Here are more answers to common questions regarding holiday pay related practices.
May an employer attach conditions to the receipt of holiday pay?
Yes. For example, an employer may require that employees work or be on an approved leave status the day before and after a holiday in order to receive holiday pay. An employer may also require an employee to have worked for the company for a specified period of time before being eligible for holiday pay. In addition, an employer may pro-rate the amount of holiday pay due to a part-time employee. Whatever conditions apply to the receipt of holiday pay should be in writing.
Are employees who work a holiday entitled to premium pay?
No. While it is common to pay a premium to an employee who works on a holiday, there is no legal requirement to do so.
Must an employer provide the same holiday benefits to all employees?
No, as long as the basis for the different treatment is not discriminatory, i.e., based on a protected classification, such as age, race, etc. For instance, an employer can provide holiday pay only to full time and not part time employees, or to office and not “field” employees.
What if a holiday falls on an employee’s day off or when the business is closed?
While not required by law, many employers give an employee the option of taking off another day if a holiday falls on the employee’s day off. Similarly, many employers observe a holiday on the preceding Friday or the following Monday if a holiday falls on a Saturday or Sunday and the employer is not open for business on the weekend.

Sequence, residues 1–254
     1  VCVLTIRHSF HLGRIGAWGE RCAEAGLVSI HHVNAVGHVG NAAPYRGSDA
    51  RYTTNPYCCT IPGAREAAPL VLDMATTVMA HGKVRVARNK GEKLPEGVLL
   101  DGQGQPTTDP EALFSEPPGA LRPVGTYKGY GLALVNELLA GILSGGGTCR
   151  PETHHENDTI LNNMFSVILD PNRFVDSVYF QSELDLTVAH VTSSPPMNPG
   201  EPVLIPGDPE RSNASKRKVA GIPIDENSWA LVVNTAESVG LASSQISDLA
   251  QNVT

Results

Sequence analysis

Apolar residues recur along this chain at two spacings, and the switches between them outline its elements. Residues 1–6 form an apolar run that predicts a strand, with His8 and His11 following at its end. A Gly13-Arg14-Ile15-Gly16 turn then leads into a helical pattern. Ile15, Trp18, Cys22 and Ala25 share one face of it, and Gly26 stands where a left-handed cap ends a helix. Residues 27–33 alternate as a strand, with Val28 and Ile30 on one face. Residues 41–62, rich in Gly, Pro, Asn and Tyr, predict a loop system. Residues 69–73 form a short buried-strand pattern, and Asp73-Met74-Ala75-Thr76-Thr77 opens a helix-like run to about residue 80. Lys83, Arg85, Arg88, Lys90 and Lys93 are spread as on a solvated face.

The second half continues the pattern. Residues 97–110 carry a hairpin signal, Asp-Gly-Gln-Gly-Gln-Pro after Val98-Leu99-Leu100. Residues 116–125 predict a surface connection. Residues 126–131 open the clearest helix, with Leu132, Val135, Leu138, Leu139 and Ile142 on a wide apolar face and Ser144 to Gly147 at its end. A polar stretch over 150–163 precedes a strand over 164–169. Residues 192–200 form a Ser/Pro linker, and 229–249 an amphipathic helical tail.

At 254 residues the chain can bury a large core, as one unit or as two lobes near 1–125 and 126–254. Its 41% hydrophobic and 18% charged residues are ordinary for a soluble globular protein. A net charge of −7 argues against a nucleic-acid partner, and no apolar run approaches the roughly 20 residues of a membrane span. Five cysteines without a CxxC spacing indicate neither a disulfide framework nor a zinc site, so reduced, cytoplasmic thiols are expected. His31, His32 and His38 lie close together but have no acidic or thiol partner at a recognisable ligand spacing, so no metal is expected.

What if an employee works a compressed work week (i.e. four 10-hour days per week)?
As with employees who work a standard work week, there is no requirement that an employer provide an employee on a compressed work week schedule with paid or unpaid time off on a holiday. Employers who utilize a compressed work week have generally taken one of three approaches to eligibility for holiday pay.
- Some employers pay only for holidays occurring on the employee’s regularly scheduled work day.
- On the other hand, some employers allow the employee to take a “substitute” holiday on a day when he or she would otherwise have been required to work, if the holiday falls on a day the employee is not scheduled to work.
- Finally, other employers prefer to have employees who work a compressed work week on the job at least four days a week and pay for the holiday even if the employee is not scheduled to work that day, thus giving the employees an extra day of pay.
As long as the employer follows its policy consistently, any approach selected by an employer is acceptable.
Disclaimer: Although Mel Muskovitz is an attorney, because this website is read by people from all states and from countries all over the world, the advice offered is correct, but different laws may govern your approaches to human resources and labor issues. Please check with an employment law attorney to ascertain your decisions, policies, and practices meet the legal standards where you live and practice.
This article contains a brief overview. It is not intended to be a comprehensive discussion of the subject. Further, because every set of facts and circumstances may raise different legal issues, this article is not intended to be and should not be regarded as a legal opinion.